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Summer 1999
Issue 10

Of Humility and Greed
by Tom Duffey

Star Wars Vs. Real Wars
by John Rude

Leaving Home: For Binos, In Memoriam
by Ness Mountain

Kaliyuga, Choo, Choo
by William Benz

Dreams of Kindness, Love and Grace
by Carolyn Berry

Torture In The American Gulag
by Tom Cahill

Departures
Fiction by Geronimo Tagatac

Transformation Found In A Broken Foot
by Stuart Watson

Parenting At The Future's Edge
by David Spangler

Intuitive Decision-Making In An Age of Chaos
by Paul O'Brien

Starry Eyed
By Spyrit

Email From Portland
by Kerul

(Kaliyuga, Choo, Choo . . .)

Witnesses Galore
But enough of this economic drivel, I want to talk about freak outs as potential sources of clarity. Even though frowned upon, a wonderful feature of the freak out is it’s rarely a secret. We usually have witnesses galore. Wailing and gnashing of teeth is of little value if there’s no audience. Of course afterwards, the fear of real or imagined repercussions usually drives us to masquerade as if nothing ever happened. People in positions of authority, real or imagined, are the most susceptible. “I wasn’t freaking out! I was, ah, just using emphatic theatrics! Yeah, that’s it! Emphatic Theatrics—to, ah, emphasize, ah, the grave significance of your circumstances. Which, I might add, is something that can only be done by someone in total command of the situation! Okay?” [Remember: The mark of true leadership is the ability to pile it on deep and then avoid stepping in it.]

What’s interesting, is how often such lame excuses are accepted. Maybe it’s a wish to avoid prolonging the episode. Maybe from experience we know that anything short of prompt agreement will plunge the Defensive One into greater depths of asininity. The freakout was bad enough. Let’s not stand in the way of a graceful exit. Who knows? By pretending it never happened the conflict might just slip away.

Well, that would certainly be nice, if it happened that way. But what we shun has a way of coming back to haunt us. The something we hoped would just magically slip into oblivion, tenaciously remains. The unresolved conflict, the suppression of emotion, the tacit projection that everything is hunky-dory only temporarily veils the dissonance of unfinished business.

The Messiness of Things
It’s important to notice that such internal dissonance isn’t the result of something being fundamentally wrong with us. We need not feel crippled by some original sin picked up before we were born. We’re not broke. We just need to face who we really are. We just need to know we’re a part of, not separate from, Creation. We need to accept our part in the messiness of things. To avoid such recognitions creates a bewilderment that’s difficult to relieve.

Unanswered, unresolved, unacknowledged, this internal conflict can be most disruptive. Every society must deal with this conflict within its members. Mature cultures with a thorough understanding of the demons within face this terror and bewilderment directly. That’s what a Vision Quest or Rite of Passage is all about. Allowing each member the necessary time and support to acknowledge this conflict within produces a more stable community. Allowing each member to taste these energies, to see the play of good and evil, to own both, and thus transmute that dichotomy into wisdom enables the indispensable transition from adolescence to adulthood.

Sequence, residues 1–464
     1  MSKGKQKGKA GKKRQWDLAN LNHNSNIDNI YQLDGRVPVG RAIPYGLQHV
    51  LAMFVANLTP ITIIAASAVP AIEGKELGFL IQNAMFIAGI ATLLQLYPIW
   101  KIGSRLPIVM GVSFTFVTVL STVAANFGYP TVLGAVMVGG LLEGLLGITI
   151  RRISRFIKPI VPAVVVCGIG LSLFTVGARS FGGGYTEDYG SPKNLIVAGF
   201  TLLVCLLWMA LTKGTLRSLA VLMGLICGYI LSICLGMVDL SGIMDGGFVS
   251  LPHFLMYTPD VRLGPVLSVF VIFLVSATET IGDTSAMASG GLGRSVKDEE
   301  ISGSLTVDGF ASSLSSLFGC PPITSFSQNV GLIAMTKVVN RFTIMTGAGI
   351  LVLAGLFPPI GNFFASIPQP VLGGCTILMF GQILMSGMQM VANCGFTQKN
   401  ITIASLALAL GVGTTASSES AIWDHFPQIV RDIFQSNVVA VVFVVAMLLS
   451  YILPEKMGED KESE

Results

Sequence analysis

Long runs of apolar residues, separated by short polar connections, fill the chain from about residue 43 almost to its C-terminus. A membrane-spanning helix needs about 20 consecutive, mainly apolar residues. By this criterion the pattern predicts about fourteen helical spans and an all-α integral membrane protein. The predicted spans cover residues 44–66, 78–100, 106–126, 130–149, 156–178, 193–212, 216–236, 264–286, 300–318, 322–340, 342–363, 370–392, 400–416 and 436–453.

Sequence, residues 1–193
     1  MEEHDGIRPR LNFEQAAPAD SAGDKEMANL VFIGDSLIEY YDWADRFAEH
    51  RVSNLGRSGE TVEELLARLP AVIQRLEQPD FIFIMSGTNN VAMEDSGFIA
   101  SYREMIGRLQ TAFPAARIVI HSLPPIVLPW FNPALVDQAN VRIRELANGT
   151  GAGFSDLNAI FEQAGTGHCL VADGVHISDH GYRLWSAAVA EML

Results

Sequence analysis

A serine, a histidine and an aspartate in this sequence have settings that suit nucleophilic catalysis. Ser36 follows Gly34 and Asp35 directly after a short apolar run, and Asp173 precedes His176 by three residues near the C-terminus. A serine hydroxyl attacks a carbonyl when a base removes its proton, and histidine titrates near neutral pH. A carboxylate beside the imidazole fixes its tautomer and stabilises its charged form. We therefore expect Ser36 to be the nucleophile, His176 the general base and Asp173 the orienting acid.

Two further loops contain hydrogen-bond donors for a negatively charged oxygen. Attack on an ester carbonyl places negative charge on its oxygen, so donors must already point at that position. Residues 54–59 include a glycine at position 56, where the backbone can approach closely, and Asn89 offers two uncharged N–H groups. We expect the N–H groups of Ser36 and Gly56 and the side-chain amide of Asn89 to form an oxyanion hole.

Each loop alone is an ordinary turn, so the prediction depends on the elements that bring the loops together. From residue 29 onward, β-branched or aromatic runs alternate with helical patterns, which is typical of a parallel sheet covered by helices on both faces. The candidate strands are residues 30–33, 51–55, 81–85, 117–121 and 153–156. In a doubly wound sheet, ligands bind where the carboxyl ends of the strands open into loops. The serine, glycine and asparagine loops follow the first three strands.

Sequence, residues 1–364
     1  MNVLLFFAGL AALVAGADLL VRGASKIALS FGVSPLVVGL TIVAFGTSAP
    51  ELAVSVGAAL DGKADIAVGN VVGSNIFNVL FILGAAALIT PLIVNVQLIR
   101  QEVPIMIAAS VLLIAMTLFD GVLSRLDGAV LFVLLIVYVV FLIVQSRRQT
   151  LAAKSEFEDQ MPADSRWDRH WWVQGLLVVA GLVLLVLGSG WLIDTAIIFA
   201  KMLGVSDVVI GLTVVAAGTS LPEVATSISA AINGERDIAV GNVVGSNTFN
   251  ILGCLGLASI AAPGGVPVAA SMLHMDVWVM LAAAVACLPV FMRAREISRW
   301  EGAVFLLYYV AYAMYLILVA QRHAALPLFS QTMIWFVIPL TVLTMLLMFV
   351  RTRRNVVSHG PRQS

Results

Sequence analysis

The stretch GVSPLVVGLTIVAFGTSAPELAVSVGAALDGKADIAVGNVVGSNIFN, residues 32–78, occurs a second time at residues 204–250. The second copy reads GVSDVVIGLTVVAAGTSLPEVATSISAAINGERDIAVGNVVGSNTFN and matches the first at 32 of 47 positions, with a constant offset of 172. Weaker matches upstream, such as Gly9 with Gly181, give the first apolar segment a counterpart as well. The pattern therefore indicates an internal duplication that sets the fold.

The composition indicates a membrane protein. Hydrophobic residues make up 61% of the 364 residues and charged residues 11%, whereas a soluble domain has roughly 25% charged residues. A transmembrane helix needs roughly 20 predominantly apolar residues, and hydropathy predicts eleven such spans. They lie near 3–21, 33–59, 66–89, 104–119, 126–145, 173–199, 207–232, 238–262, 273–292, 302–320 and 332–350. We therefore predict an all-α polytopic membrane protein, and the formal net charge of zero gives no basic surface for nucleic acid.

Demonization in a Black Trench Coat
Immature societies take short cuts by packaging pre-conceived solutions. Demonization is the most often used formula for severing the connection with our negative faction. Personified as the Devil, these negative energies are cast into the Bottomless Abyss of One-sided Answers. Elaborate dogmas are substituted in their stead, in the hope this will bar the Evil One’s return. This is avoidance taken to extremes. In the deluge of coverage of the Littleton tragedy, it’s a wonder that some rambling journalist didn’t point out that Darth Vader wore a black trench coat. Such a comment would still have made as much sense as most of their babbling commentary.

Once proclaimed, dogmas need only to be memorized and accepted by faith. Not the type of faith that comes from knowing one’s self, from enduring a Dark Night of the Soul, but an expedited version that allows little latitude in forming solutions from one’s own juices. As an added feature, this method further abbreviates the whole process so it can be quickly done with a minimum ‘cost’ to both the neophyte and society. Well, that is, if you overlook things like Thirty Year Wars, the Inquisitions, and Jihads to drive out the Infidels.

Quick and dirty methods tend to produce less than optimal results. It’s like cutting off one foot then wondering why we hobble around in circles. As an old Tibetan Proverb says, “A new patch on an old coat soon comes off.” Quickly acquired resolutions tend to unravel at the first sign of conflict or engagement.

Now I can just feel some of you out there thinking this describes the type of society we live in. But you’re being much too kind. The category we fit in is another rung down from immature societies. We don’t even have decent dogmas. We’ve substituted thinly veiled propaganda crammed into our non-discriminating minds via 10 second sound bites and photo ops supplied by paparazzi. We have avoidance personified.

We’re taught to evade our internal dissonance. And when that’s not possible, to wait for further instructions. Whatever we do, we shouldn’t draw conclusions from our own experience or go digging for information to form our own diagnosis. Say, for instance, about World Events. That’s Madeleine Albright’s job. Just listen to the Evening News. Any channel will do. All will become perfectly clear if you pay attention. Did you hear? Pay Attention!

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